Scale insects can infect your Euphorbia Trigona, and these tiny insects can damage your plants. Unlike mealy bugs, these scale insects might have armor that makes them more difficult to get rid of. You can pry them off the plant using your fingernail or a credit card.
But if not, you can use rubbing alcohol, soapy water, or insecticides to do the trick. Another remedy you can try is neem oil, like the Pure PetraTools Neem Oil.
Stem and Root Rot
More than insects and pests, too much moisture is more likely to kill your Euphorbia Trigona. Humid conditions may cause your plant to develop stem rot.
Meanwhile, if it sits in soil that’s too moist for a long time, the plant may get root rot. So be extra careful when watering.
Euphorbia Trigona Treatments and Maintenance
Aside from the treatments for pests that we have outlined above, you might also want to prune your Euphorbia Trigona. Strictly speaking, you might get away with not pruning this plant all your life, but you might want to cut back if you think that it’s getting too heavy for its roots.
The good news is that it doesn’t go to waste if you do prune the African milk tree. You can propagate it for more Euphorbia Trigona plants that you can plant in your yards or give away to friends.
Always use a sharp blade or knife that has been sterilized when pruning your plant. Ensure that you cut on both sides of the plant to not become heavy on one side.
Euphorbia Trigona Repotting Instructions
Repotting your African milk tree is necessary for keeping it healthy. This plant is a heavy feeder, so it won’t be long before the soil or potting mix you used in its pot gets depleted of nutrients. If you are looking for a bigger or new pot, always choose a terracotta pot that is a few inches wider than the one you have now. Your Euphorbia Trigona will not grow well if you put it in a much larger pot.
Fill the new pot with new potting soil. Transplant your African milk tree into the new pot and then ignore it for a few weeks before you water and feed it again.
Where to Buy Euphorbia Trigona Seeds Online
While seeds for this plant are hard to come by, some online retailers do offer them. You should know, however, that these seeds can be out of stock. Check out B and T World Seeds and asked to be notified when these seeds become available.
Alternatively, you can search on Amazon to find the seeds you like, such as this listing.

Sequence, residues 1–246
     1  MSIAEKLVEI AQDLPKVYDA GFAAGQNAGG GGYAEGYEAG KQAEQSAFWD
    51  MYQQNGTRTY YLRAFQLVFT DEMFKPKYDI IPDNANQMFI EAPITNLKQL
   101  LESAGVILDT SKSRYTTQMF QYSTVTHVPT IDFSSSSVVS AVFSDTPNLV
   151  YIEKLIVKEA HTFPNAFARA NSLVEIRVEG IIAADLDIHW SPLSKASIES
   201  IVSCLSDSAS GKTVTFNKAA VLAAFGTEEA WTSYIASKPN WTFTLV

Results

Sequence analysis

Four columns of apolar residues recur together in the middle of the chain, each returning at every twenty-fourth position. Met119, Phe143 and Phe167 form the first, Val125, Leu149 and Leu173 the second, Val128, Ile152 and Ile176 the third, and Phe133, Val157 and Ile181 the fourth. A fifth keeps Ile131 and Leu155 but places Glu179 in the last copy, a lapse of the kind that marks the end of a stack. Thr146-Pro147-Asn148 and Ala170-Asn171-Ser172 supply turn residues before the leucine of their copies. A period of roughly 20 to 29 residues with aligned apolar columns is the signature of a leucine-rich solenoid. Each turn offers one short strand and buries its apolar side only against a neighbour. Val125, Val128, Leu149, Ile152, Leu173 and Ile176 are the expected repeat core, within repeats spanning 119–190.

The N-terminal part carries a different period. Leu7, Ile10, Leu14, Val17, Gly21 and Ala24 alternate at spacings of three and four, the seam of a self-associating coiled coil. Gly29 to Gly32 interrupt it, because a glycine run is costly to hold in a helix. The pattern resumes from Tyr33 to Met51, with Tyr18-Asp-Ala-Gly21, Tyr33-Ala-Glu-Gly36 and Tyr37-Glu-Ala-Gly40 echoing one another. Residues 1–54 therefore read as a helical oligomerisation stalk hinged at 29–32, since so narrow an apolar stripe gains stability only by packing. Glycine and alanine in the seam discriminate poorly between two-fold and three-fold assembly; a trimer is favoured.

Where to Buy Euphorbia Trigona Plants Online
If you’re not that eager to start your Euphorbia Trigona from seeds, you can get cuttings from online sellers. Having the plant shipped to you will save you the time you need to wait while the seeds germinate and grow. You can check around eBay, Etsy, or Succulents Box to find the perfect plant for you.
Question: It certainly looks like a cactus, but why isn’t the African milk tree classified as a cactus?
Answer: We agree that this plant does look like a cactus. Some people even call it the African milk cactus. But the reason for this is that cacti generally do not have true leaves.
Instead, cacti have spines, which are modified leaves. In contrast, Euphorbia trigona has leaves that grow between the spines that grow at the end of its stems.
And while we’re at it, it’s not a tree either. It’s just that these plants can grow rather tall and can be tree-like in structure.
Question: How fast does Euphorbia Trigona grow?
Answer: Unlike most cacti that are slow-growing and can take 20 years before getting to their full size, the Euphorbia Trigona is moderately fast-growing.
It can start to tower over your garden or yard in just three to five years. It can even grow taller faster if you give it all the things that it needs: well-draining soil, fertilizer, water, and bright but indirect sun.
Question: Tell me more about the Euphorbia Trigona ‘Rubra.’
Answer: If you like the looks of your African milk tree, then you will enjoy the Rubra cultivar. Instead of green, the eaves are colored deep red and magenta.
With green stems, this is one of the most beautiful bi-color succulents you can grow. The Rubra cultivar is very popular among succulent lovers because of its awesome color.
Plus, like the green African milk tree, it’s very easy to care for.
The Euphorbia Trigona: Perfect for Beginners
Euphorbia trigona is probably one of the easiest plants you can grow. Indoors, you just need to make sure that it gets bright indirect light, a weekly watering or less, and well-draining soil.
Grown outside, it’s almost a plant it and forget it affair. You don’t even have to water it as long as it’s not especially dry or hot, it’s not very particular with the soil type, and you don’t have to prune it. Just apply fertilizer now and then. And for very minimal effort, you’re rewarded with a towering succulent that’s sure to attract attention to your garden.